Holly Woodlawn, the transgender icon, turns 69 on 26 October.
The last surviving of Andy Warhol’s three superstars – rising to fame alongside Jackie Curtis and Candy Darling in the 1970s – Holly made history as the first trans actor to be considered for an Oscar for her role in Andy Warhol’s Trash alongside Joe Dallesandro. (She did not receive the nomination.)
She has appeared in many films and also appeared on what many have considered the first reality show, An American Family, which aired in 1973 and broke ground because it featured a family coming to terms with their son’s homosexuality for the first time on television.
Holly’s birthday is an incredibly important moment, and it is my duty to pay tribute.
I’ll admit my personal bias here: Holly was always my favourite Warhol Superstar. I’ve stylized my drag character, Alexis, after her. I wrote Holly a letter when I saw her appear in a documentary I watched for a class (The Cockettes) and she wrote back, shocked and amazed that she and the New York scene of the 1970s had been the subject of class discussion in a small Pennsylvania town.
She encouraged me to stay in school and do well, telling me to ‘hit the books and make mama prou’ – words of encouragement I still turn to when being a graduate student gets me down.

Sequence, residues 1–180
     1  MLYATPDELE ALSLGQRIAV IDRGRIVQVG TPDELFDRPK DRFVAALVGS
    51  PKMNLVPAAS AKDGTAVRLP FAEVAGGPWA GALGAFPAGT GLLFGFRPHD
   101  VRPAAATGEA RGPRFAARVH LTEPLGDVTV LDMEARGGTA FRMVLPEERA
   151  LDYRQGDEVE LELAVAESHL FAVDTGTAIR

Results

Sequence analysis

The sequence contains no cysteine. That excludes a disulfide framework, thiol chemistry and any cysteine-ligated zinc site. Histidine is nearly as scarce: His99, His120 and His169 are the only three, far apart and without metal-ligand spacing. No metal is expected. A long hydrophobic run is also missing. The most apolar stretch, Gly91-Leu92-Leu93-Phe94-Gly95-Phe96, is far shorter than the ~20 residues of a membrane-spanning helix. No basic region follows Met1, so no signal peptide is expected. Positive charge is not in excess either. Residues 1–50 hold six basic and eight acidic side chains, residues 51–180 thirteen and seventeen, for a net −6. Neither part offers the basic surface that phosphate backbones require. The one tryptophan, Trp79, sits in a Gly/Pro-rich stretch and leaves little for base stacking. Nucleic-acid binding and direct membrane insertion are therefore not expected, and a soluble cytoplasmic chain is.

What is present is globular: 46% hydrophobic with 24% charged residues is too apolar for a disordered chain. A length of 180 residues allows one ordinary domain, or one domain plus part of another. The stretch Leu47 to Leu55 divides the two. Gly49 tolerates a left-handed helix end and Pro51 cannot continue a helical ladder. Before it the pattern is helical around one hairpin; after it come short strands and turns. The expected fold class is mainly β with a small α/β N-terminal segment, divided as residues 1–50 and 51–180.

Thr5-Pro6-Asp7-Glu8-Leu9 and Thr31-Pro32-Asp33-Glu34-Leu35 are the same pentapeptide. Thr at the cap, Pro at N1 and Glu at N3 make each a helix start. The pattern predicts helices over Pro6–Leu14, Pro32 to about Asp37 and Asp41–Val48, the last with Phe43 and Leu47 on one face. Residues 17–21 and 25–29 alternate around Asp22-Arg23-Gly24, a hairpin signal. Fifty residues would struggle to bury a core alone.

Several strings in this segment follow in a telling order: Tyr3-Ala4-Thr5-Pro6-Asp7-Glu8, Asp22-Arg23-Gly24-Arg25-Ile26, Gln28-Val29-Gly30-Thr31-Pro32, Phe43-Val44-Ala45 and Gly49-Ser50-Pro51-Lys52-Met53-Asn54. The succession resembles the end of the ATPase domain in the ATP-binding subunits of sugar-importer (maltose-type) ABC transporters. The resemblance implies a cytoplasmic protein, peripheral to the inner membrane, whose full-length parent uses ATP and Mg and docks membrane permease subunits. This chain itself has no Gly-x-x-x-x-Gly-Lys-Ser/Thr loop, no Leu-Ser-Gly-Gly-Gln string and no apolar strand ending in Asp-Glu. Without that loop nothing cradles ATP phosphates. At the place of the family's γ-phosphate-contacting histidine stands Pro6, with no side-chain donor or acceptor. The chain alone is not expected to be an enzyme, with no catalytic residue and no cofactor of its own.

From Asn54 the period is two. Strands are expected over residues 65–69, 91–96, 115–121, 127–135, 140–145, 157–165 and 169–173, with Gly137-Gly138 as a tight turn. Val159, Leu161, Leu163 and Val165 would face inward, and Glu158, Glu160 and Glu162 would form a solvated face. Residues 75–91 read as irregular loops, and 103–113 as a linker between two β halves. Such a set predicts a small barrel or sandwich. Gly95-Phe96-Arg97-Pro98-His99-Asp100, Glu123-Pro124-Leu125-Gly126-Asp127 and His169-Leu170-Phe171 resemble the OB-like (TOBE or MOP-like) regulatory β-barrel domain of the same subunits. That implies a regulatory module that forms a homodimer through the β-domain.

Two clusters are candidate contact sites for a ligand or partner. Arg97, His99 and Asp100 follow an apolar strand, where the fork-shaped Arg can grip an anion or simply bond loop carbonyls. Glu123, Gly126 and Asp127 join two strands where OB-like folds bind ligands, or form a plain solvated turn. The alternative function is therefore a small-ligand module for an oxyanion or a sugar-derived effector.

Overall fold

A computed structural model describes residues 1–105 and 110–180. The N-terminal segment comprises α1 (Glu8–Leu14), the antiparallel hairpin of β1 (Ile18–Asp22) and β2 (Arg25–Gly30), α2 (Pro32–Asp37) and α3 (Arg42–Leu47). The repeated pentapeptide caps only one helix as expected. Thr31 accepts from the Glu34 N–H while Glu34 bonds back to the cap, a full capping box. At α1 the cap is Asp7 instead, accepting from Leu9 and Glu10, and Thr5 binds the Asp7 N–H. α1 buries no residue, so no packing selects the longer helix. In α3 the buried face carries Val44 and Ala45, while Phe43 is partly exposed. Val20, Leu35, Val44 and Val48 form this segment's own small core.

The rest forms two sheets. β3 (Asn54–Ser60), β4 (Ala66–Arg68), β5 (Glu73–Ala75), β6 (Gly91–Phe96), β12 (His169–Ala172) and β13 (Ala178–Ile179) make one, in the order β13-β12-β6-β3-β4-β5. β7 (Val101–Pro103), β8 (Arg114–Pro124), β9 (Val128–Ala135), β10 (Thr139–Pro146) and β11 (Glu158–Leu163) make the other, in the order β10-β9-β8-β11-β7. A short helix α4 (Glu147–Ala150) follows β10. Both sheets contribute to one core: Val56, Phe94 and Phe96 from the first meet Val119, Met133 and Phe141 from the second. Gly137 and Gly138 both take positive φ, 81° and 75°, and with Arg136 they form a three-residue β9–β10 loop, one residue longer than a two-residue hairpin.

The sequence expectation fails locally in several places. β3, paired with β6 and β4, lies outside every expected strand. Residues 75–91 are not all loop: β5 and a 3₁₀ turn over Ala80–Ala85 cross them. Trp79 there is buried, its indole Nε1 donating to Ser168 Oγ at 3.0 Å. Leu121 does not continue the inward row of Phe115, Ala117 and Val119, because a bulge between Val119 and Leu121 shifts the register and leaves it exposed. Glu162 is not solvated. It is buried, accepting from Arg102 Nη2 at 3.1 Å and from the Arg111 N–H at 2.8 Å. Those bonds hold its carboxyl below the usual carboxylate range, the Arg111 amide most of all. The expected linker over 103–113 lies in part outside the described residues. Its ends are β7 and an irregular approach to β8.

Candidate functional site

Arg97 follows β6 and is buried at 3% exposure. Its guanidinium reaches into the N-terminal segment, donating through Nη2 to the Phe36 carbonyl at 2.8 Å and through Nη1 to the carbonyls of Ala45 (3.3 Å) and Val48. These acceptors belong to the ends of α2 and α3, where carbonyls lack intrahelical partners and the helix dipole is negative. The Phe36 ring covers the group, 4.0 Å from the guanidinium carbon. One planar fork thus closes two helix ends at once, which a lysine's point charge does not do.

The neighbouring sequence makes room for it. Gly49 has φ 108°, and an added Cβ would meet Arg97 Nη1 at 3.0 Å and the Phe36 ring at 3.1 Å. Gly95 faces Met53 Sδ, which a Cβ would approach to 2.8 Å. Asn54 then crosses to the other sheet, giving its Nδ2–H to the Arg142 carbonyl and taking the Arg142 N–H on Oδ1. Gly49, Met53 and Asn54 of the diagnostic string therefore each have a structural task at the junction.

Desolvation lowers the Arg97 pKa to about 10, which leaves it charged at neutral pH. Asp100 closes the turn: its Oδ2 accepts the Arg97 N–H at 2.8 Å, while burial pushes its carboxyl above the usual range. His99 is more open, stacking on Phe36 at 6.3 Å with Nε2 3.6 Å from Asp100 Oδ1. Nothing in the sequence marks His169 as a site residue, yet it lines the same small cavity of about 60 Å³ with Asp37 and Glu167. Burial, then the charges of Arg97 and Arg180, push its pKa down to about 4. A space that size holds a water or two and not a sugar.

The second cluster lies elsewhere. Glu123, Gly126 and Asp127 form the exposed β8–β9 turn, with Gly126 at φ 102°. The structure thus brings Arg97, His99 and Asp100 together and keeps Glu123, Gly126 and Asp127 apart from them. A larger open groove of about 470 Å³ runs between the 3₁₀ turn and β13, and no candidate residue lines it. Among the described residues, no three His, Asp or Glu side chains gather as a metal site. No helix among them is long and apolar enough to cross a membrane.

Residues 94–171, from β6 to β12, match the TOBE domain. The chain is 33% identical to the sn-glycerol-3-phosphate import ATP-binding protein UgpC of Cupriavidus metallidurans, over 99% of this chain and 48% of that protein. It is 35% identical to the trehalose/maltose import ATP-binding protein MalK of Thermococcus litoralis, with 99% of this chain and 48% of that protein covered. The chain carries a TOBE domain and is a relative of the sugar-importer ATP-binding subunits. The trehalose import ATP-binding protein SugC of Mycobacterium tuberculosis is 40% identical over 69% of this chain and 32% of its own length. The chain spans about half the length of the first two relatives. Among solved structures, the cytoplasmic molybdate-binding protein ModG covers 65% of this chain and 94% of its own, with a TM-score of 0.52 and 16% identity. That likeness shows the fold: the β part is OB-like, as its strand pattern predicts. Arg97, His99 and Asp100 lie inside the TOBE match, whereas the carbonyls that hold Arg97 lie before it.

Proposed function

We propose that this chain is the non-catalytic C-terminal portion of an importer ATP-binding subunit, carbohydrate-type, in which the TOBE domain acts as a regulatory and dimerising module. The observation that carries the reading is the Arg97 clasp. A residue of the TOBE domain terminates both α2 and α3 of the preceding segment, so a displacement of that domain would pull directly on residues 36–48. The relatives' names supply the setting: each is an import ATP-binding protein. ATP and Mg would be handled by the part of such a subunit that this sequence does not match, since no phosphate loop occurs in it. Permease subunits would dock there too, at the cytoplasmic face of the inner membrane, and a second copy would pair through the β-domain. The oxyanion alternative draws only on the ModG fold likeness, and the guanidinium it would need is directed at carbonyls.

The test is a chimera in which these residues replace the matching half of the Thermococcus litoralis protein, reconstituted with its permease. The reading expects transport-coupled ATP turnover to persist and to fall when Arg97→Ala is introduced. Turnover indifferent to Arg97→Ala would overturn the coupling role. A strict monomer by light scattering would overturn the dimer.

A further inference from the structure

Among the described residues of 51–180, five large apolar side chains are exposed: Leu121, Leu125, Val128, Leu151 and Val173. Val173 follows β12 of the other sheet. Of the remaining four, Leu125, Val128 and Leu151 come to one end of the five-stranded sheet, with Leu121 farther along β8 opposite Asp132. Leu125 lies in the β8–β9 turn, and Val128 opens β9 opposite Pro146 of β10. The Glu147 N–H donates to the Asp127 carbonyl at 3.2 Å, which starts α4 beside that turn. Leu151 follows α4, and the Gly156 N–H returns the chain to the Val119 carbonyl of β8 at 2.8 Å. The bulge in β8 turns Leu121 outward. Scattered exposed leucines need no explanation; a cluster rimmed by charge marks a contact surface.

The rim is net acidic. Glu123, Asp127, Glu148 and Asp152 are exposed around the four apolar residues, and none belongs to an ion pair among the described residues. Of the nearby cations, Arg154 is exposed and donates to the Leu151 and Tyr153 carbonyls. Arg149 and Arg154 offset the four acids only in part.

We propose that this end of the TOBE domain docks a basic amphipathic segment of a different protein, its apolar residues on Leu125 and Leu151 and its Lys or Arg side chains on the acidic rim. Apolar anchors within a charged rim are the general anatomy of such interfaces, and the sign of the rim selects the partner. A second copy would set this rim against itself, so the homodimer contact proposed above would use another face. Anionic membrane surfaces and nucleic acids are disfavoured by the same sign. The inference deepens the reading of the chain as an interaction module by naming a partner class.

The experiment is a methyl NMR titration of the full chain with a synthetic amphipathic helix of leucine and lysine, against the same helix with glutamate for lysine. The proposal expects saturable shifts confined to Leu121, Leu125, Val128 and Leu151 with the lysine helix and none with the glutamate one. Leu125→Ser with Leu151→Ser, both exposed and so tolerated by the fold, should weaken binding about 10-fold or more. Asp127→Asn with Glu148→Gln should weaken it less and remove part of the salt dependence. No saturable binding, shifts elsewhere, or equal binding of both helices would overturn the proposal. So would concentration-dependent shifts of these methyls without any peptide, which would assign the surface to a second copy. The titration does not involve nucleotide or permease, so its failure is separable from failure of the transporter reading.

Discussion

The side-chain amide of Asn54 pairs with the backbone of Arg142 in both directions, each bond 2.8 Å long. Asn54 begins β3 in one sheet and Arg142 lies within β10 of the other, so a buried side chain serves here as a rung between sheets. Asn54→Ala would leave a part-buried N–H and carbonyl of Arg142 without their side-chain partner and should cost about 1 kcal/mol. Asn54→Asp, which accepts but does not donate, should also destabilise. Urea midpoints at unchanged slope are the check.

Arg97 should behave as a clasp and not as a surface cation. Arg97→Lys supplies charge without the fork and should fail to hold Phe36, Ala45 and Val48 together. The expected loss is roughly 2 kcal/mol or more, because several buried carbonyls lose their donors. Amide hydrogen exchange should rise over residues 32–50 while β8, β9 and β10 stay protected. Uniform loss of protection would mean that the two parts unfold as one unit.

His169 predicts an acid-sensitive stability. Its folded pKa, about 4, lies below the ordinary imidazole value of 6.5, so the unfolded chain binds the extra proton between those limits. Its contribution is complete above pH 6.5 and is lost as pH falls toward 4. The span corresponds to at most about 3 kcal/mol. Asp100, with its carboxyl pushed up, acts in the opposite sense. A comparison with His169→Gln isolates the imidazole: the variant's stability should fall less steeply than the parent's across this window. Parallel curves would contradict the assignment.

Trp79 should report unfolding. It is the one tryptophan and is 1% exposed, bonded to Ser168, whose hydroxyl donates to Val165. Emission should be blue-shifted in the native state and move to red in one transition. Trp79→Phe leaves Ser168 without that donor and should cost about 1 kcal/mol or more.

Holly’s story has always been one of survival. Born in Puerto Rico, she came to Florida as a young child, and was deeply interested in American celebrity culture from early on.
She made it to New York City by the age of fifteen, in a journey which would become immortalized in Lou Reed’s controversial hit from 1972, ‘Walk on the Wild Side’:
Holly came from Miami F.L.A.
Hitchhiked her way across the USA
Plucked her eyebrows on the way
Shaved her legs and then he was a she
She said, hey babe, take a walk on the wild side.
She said, hey honey, take a walk on the wild side.
In 1970 she appeared in the Paul Morrissey-directed Andy Warhol production, Trash. George Cukor, the legendary director of such films as The Philadelphia Story and Bringing up Baby, petitioned the Academy of the Arts and Sciences to give her the Academy Award for her performance in that film, though she did not receive a nomination.
In 1972, she appeared with Jackie Curtis and Candy Darling in Andy Warhol’s Women in Revolt – a film satirizing the Women’s Liberation movement. This was the last film that Andy Warhol actually shot footage for, having turned over most of his film productions to Paul Morrissey and other directors.
Holly has worked in the cabaret scene for years and is a fantastic performer, bringing old Hollywood glamour to her performances. Holly is a post-modernist vision of a film noir nightclub star – and a national treasure that should be better known.
In addition to her cabaret career, she has continued to appear in films and TV shows, including two recent appearances on the Amazon Studios show, Transparent. She is an icon for the transgender community, and she is a testament to the strength and endurance of the community in an age where transgender people are facing so much brutality.
As I write, Holly is in hospice care. Penny Arcade, the performance artist, writer and a dear friend of Holly’s, has created a GoFundMe account to help provide for Holly’s care for the rest of her days – round-the-clock nursing, medications, housing. I hope that all of us can find a way to give a little bit back to an icon who has given us so much.
Happy Birthday, Holly Woodlawn, with love.